There are about 1,600 Millennial and Gen Z individuals serving in state legislatures and Congress across the country, and the Millennial Action Project said that number has grown in recent years. Reggie Paros, the chief program officer of the nonpartisan organization that supports legislators and members of Congress born after 1980, said young lawmakers would be in the workforce long enough to establish the financial stability needed for a low-paying legislative job. are not.

“That financial constraint is one of the biggest struggles to get into public office,” Paros said.

Political polarization is another potential obstacle for new participants.

Peverill Squire, a professor of political science at the University of Missouri, said, “I think it becomes difficult for many people to argue that they should put themselves in political turmoil that costs their families a great deal.” might.” ,

His research into how and why the legislature changes over time has found “greater diversity over a range of different dimensions” in recent years. For example, in Oregon, women held the majority of seats in the state’s House of Representatives for the first time in 2021.

“But that change,” he added, “is probably going to be more difficult to achieve in the future, if indeed, the compensation that is often given for legislative services lags behind those who have been employed for years of their work. Most of the people who will need support during this period are themselves and their families.”

When the union sheet metal worker, de la Cruz, leaves office, he is told that there will be no construction workers employed in the Connecticut General Assembly, no one cares who worked as a cashier at Walmart or an attendant at a gas station. Is. He argues that it is important to represent those voices of the “common man” in the state capitol.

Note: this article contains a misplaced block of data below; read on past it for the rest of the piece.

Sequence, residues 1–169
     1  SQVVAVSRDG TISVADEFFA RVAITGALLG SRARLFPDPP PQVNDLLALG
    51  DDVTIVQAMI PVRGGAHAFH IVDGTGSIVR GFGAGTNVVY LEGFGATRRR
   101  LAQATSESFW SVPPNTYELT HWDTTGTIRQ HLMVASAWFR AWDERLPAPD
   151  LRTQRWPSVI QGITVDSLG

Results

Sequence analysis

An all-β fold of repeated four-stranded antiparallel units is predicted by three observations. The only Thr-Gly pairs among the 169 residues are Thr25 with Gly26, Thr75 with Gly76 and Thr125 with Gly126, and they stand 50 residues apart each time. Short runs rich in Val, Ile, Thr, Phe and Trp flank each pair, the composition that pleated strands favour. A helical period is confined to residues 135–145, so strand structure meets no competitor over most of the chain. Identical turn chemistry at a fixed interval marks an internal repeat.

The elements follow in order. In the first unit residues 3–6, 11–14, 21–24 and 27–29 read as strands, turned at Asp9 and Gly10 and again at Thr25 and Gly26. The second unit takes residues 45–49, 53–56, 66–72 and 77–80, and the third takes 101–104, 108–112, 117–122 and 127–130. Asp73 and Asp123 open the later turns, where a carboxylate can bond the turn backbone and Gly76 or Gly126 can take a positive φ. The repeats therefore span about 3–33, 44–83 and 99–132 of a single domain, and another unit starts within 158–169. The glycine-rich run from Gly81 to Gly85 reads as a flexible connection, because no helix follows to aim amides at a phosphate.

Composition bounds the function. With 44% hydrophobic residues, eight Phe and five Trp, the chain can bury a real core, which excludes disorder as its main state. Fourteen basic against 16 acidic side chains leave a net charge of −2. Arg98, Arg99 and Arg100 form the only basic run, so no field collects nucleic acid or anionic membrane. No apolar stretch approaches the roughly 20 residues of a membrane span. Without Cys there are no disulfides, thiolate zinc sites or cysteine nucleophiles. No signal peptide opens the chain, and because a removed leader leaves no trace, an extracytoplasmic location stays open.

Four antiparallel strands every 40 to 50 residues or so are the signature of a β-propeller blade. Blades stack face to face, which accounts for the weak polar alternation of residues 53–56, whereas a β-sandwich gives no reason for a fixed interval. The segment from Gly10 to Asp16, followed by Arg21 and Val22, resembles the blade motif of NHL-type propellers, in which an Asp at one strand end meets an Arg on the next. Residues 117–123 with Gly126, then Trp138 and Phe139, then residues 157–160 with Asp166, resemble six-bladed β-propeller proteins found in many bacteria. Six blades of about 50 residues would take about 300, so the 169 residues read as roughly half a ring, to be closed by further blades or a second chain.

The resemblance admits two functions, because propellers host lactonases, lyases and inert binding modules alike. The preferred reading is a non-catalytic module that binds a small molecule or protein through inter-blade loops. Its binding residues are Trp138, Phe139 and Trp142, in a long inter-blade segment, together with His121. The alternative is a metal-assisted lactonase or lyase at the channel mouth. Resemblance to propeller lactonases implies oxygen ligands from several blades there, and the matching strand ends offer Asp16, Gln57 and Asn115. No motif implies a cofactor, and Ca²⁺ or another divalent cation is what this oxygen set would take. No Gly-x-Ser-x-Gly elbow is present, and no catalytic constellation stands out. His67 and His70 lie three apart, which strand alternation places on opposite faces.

“It’s a big concern of mine,” de la Cruz said. “Regular people, like regular working people, they don’t see the value for them in other working people… They don’t understand that my voice … is close to a voice that they’re going to keep.”

Connecticut Representative Bob Godfrey, a 17-term Democrat from Danbury who has proposed legislation raising wages for at least five years, asked a plumber, construction assembly line worker and a meter reader to accompany him in the House during his early days. Remembered to serve. Godfrey, who relies on his legislative salary and Social Security to pay his bills, said he fears a lack of blue-collar workers in Connecticut “policing the affluent.”

“We don’t look like the state,” he said.

In New Mexico, a Senate panel this year backed a proposed constitutional amendment To provide salaries to legislators who currently take a daily stipend of about $165 for travel to and during legislative sessions. Democratic Sen. Katie Duhigg of Albuquerque argued that a salary would “really expand the universe of people who are able to serve,” noting that the legislature is “largely wealthy and retired.” But action on the proposal was postponed indefinitely.

Earlier this year in Alaska, lawmakers rejected a plan Which would have increased his annual base salary from $50,400 to $64,000. It hasn’t been changed since 2010. But that same proposal would have set their daily limit of $100 for expenses such as food and accommodation, and their daily $307 per day for receipts required for claims. Some legislators complained that $100 would not be enough to cover the cost of living in the state capital, Juno, during the session.

Mike Shaver, a Republican from Wasilla, Alaska, expressed concern about the impact of lower wages in a letter to the State Officers Compensation Commission, which proposed a revised pay and per day plan.

“If there is no good compensation package,” he wrote, “how can we get decent public servants who are not rich, retired or who have the luxury of a spouse with enough job to support someone by being a legislator? is?”

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Associated Press writer Rachel La Corte in Olympia, Washington; Morgan Lee in Santa Fe, New Mexico; Andrew Selsky in Salem, Oregon; and Becky Bohrer in Juno, Alaska, contributed to this report.